Monday, September 18, 2006

For a communications company, they sure speak badly

According to this news story about a deal with YouTube, Warner Music chairman Edgar Bronfman said [or more likely, the PR department wrote for his approval in a press release]: "Consumer-empowering destinations like YouTube have created a two-way dialogue that will transform entertainment and media forever."

Uh, yeah. Maybe. But it won't be much of a dialogue until the media companies learn to communicate in english instead of marketingbabble.

Friday, September 15, 2006

Madonna space flight plan snubbed

According to the BBC News website, the Russian parliament voted down a proposal to put Madonna on the international space station in 2008. Apparently, many of those voting against didn't realize that the plan did not involve bringing her back.

Not that I've got anything against Madonna, mind you. I've always admired her ability to sing "Like a Virgin" entirely from memory.

And she has done pretty well for yourself when you consider that she is, at heart, a male drag queen trapped in the body of a woman.

Thursday, September 14, 2006

Small World

Memo to American sports writers: in order to be world champions of a sport, you actually have to beat people from other countries (and no, Toronto does not count).

The world champion of basketball is Spain, not the Miami Heat. The world champion of ice hockey is Sweden, even if the Carolina Hurricanes did beat some Canadian teams on its way to the North American Championship.The world champion of baseball is Japan, not the Chicago White Sox which is, at best, the World Series champions. Ironically, about the only thing a US team can genuinely claim to be world champions of is the Little League World Series (congratulations, Columbus Northern Little League of Columbus, Georgia).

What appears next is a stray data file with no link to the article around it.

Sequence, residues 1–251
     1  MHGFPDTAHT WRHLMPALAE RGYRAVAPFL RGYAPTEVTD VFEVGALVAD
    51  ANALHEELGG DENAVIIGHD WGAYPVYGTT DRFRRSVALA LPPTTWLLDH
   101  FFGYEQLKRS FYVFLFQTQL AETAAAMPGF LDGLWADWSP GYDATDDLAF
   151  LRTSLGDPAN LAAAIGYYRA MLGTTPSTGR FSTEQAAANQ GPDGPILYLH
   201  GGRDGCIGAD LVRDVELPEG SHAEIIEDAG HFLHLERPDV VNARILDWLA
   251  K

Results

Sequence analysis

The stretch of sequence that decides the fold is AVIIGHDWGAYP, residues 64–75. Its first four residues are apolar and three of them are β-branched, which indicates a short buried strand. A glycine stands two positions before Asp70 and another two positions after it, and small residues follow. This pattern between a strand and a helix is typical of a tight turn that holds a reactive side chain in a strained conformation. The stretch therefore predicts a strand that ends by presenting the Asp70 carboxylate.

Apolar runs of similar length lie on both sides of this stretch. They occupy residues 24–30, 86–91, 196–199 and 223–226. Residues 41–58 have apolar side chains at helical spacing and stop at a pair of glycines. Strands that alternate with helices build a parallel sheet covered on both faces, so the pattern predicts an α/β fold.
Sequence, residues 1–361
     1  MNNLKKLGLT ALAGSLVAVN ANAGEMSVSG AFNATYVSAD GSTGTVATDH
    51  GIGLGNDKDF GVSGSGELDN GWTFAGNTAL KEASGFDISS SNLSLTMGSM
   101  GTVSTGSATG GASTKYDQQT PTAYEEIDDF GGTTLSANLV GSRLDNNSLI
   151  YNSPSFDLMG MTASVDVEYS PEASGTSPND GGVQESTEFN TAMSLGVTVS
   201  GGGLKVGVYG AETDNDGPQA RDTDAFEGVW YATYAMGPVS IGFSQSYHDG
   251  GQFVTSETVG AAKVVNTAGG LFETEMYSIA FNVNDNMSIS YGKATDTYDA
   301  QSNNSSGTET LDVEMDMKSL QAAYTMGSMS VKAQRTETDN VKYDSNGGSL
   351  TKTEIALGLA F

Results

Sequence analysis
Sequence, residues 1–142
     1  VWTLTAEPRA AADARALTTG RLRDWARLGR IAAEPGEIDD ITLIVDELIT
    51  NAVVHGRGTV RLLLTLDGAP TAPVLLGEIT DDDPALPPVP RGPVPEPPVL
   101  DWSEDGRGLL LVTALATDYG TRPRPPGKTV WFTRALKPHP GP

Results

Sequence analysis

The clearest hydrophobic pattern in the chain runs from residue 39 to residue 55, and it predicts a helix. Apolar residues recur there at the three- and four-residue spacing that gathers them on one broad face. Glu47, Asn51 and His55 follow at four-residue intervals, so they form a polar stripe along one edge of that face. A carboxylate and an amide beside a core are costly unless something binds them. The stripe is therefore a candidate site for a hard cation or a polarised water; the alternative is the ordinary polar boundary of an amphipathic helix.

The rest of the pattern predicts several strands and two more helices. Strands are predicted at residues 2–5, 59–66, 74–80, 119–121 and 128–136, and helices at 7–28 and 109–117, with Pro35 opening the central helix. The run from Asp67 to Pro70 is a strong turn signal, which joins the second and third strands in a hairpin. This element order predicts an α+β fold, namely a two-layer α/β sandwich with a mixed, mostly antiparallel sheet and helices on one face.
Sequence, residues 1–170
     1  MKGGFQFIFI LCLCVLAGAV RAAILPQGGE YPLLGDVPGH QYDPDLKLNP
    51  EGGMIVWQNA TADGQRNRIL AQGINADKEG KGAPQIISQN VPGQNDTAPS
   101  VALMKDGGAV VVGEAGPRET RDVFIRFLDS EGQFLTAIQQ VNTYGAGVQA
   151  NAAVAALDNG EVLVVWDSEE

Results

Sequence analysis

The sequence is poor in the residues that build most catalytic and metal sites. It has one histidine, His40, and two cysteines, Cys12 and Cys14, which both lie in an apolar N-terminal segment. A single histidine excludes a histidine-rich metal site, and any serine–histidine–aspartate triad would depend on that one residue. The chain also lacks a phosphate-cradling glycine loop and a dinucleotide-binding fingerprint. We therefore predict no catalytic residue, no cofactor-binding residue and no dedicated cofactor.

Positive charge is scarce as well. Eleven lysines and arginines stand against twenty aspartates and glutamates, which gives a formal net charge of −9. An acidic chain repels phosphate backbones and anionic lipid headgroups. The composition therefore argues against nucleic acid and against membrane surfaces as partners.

OK, the world champions of American Football probably is the Pittsburgh Steelers, but only because nobody else on Planet Earth plays the game.

I don't think I'll ever stop being amused by the parochialism that allows Americans in general, and ESPN anchors who really ought to know better in particular, to refer with a straight face to their little local championships as "world" champions.